Government IT networks are increasingly difficult to manage. Citizens want digital services that are equal to the private sector’s. Cybersecurity risks, meanwhile, are multiplying daily. And the volume of data is growing faster than ever.
The COVID-19 pandemic complicated this situation further for federal agencies. Whether they’re civilian or defense, these networks have been under unprecedented strain as most government employees have been working from home.
Network visibility can help agencies see all these challenges clearly and solve them. Using the right tools, agencies can continuously monitor their networks’ performances and security.
Dennis Reilly is Vice President of Federal at Gigamon, a network visibility provider. Reilly shared with GovLoop three tips for better network visualization.
1. Identify the Logjams
As the number of remote workers grows, so does the potential for logjams on agencies’ networks.
But agencies’ networks don’t have to buckle under their loads. Using visibility tools such as those Gigamon provides, agencies can see where traffic jams are happening on their networks in real-time. Subsequently, they can make quicker decisions that keep their networks flowing effortlessly. “It becomes a continuity of operations issue,” Reilly said. “Agencies get the visibility they need to run at a high response rate.”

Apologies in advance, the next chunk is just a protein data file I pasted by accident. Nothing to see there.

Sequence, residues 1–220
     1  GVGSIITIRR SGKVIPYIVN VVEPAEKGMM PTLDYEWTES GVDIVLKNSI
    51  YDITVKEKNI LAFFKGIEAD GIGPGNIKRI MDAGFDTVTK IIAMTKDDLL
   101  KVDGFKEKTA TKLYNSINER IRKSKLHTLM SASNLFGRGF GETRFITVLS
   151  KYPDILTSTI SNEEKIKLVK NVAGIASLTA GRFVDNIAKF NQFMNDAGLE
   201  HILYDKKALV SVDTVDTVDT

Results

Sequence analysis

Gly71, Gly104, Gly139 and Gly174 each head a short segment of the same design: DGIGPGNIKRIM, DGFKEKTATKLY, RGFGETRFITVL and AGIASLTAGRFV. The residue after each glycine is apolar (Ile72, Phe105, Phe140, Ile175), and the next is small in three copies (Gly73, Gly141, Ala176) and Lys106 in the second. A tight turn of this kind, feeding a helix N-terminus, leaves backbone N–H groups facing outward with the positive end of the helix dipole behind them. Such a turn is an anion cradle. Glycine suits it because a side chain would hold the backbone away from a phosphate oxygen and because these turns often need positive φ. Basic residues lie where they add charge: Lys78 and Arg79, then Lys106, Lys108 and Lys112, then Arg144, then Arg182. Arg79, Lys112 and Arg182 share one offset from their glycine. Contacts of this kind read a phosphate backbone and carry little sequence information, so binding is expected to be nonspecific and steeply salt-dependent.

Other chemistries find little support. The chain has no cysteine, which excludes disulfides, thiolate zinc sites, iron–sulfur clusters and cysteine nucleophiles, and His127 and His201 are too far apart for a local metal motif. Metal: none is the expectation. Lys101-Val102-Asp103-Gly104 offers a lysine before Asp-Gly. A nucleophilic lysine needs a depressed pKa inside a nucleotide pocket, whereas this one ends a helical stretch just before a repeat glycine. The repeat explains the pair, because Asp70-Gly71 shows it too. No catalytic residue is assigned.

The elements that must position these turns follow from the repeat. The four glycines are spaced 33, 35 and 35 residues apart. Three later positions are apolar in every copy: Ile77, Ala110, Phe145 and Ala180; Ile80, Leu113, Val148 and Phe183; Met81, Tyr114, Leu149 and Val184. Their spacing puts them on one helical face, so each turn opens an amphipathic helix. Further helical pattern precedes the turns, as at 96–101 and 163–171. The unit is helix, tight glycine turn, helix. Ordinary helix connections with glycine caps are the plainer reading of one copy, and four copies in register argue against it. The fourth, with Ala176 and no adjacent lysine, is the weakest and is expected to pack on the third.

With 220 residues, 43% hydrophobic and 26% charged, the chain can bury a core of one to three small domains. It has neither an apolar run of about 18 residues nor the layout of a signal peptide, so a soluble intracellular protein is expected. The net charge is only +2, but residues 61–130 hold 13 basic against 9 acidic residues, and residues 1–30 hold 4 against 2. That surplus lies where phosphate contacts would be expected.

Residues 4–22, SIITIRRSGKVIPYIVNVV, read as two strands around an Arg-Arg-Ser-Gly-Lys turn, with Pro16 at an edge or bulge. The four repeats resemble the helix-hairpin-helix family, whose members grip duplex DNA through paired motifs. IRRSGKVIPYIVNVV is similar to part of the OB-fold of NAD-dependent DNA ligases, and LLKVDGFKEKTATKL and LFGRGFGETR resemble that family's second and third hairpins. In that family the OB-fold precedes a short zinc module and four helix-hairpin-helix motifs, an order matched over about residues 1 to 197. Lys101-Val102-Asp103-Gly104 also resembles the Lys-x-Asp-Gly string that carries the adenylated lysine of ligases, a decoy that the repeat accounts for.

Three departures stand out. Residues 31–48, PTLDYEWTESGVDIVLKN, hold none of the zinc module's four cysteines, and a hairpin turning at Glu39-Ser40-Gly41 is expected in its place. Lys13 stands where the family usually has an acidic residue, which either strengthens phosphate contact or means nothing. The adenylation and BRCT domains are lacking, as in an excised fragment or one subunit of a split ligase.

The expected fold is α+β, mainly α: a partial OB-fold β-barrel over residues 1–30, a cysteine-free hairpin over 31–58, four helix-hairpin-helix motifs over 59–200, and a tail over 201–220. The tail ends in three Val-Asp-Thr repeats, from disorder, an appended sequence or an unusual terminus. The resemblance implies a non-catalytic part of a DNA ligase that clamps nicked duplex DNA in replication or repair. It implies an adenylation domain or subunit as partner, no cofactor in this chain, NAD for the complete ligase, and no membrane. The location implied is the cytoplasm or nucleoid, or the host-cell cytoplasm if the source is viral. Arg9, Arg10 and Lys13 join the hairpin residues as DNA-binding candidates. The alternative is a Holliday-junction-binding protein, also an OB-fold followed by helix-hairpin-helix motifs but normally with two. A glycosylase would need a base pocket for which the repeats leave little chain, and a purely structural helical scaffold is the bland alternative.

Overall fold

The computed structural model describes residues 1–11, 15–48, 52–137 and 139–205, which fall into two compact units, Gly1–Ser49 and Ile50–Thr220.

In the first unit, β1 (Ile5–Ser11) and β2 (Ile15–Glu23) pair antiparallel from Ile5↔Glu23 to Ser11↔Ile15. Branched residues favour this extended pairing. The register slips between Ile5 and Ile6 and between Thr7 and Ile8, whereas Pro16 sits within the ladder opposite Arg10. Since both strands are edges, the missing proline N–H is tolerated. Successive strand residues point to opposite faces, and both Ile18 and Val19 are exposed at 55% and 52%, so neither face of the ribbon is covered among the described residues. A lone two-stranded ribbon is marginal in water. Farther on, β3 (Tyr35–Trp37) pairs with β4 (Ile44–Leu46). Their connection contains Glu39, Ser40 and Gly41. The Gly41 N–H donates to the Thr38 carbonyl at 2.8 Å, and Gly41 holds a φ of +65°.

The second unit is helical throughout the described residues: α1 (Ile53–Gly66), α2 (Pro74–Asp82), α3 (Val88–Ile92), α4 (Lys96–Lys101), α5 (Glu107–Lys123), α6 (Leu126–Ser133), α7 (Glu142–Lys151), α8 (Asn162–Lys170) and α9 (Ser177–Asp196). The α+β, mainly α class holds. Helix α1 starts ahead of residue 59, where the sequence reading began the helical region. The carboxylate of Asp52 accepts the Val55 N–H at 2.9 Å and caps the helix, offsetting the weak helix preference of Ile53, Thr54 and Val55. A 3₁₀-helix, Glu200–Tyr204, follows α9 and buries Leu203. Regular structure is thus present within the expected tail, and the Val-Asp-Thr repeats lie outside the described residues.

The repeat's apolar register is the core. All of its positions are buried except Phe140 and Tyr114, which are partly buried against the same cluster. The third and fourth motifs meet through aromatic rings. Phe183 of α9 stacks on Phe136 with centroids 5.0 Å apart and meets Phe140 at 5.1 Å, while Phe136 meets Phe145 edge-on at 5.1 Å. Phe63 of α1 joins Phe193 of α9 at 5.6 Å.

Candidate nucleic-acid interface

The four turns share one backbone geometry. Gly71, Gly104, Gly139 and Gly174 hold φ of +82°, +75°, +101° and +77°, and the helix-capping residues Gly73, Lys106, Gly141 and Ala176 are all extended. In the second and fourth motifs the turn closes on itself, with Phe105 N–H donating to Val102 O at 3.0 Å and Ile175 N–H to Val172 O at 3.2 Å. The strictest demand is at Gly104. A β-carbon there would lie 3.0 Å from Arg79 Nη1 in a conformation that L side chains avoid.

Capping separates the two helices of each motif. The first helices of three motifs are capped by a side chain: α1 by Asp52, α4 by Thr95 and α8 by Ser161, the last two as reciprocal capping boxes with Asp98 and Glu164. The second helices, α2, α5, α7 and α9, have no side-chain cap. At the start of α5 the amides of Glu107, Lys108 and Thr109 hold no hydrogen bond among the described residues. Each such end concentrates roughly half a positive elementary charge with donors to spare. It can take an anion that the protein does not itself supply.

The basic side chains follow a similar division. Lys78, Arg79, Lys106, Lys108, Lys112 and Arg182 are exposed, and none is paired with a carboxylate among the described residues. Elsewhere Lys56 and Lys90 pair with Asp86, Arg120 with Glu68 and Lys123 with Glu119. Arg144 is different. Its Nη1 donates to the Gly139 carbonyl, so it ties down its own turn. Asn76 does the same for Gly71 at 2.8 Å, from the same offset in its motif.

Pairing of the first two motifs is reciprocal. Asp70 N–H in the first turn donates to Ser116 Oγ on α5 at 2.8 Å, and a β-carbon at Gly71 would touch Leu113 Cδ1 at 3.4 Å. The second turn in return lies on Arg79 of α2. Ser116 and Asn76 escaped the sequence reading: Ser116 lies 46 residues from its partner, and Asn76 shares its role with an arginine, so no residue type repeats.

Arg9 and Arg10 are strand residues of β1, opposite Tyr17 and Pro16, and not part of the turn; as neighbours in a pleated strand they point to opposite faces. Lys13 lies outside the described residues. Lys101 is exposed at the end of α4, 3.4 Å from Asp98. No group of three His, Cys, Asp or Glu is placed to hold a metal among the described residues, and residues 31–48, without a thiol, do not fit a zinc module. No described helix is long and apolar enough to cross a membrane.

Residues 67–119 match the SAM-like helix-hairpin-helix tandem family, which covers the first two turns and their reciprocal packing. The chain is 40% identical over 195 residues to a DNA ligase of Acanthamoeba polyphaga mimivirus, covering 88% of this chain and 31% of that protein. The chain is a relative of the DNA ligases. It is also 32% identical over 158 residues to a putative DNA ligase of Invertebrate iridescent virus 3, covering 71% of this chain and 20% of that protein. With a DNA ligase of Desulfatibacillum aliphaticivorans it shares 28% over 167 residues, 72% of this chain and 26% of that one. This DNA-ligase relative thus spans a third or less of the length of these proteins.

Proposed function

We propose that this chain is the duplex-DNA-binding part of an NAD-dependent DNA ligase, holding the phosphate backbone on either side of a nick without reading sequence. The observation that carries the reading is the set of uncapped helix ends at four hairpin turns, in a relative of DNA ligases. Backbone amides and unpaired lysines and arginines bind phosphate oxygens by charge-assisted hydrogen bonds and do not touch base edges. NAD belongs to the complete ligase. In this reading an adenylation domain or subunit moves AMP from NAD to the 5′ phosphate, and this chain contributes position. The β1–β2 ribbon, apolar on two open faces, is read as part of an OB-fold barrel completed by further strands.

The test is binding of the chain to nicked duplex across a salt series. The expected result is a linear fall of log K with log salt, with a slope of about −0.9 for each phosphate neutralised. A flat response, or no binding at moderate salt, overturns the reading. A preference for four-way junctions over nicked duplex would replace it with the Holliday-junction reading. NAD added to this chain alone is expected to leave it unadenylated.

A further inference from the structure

2. Improve Customer Experience
Arguably, the most important interactions agencies have are with citizens. Consequently, the customer experience (CX) agencies provide must satisfy citizens, or they risk disappointing them.
Network visibility can help agencies by continuously monitoring how their applications and services are performing. Agencies with this awareness are better equipped to solve any CX issues that employees and citizens are encountering. “Visibility is key to having applications run smoothly and stay secure,” Reilly said. “If you can’t spot a network performance bottleneck, you can’t correct it.”
3. Stay Aware of Cybersecurity
As more agencies shift to remote work, cybercriminals and nation-state adversaries have also increased their efforts to attack them. As a result, endless vigilance is critical for defending agencies’ networks.
Network visibility, then, meets two vital needs for agencies. First, it helps them detect and mitigate threats before, during and after attacks. Second, it helps them comply with all relevant cybersecurity regulations. The Continuous Diagnostics and Mitigation (CDM) program, for example, aims to reduce cybersecurity risks across the federal civilian government while increasing its overall IT visibility. By following DHS’ guidelines and CDM best practices, agencies can gain stronger cyberdefenses.
Cybersecurity must remain top of mind for agencies because they handle citizens’ sensitive data. Network visibility can assist agencies with protecting this information from any danger. “You want to see an attack as soon as possible to prevent a data compromise,” Reilly said. “If you have been breached, you want to take action as soon as you can to prevent data exfiltration.”
Ultimately, visibility ensures agencies don’t blink on CX, cybersecurity and network performance.
This article is an excerpt from GovLoop’s recent report, “CIO Perspectives: A New Vision for the Government Workplace.” Download the full report here.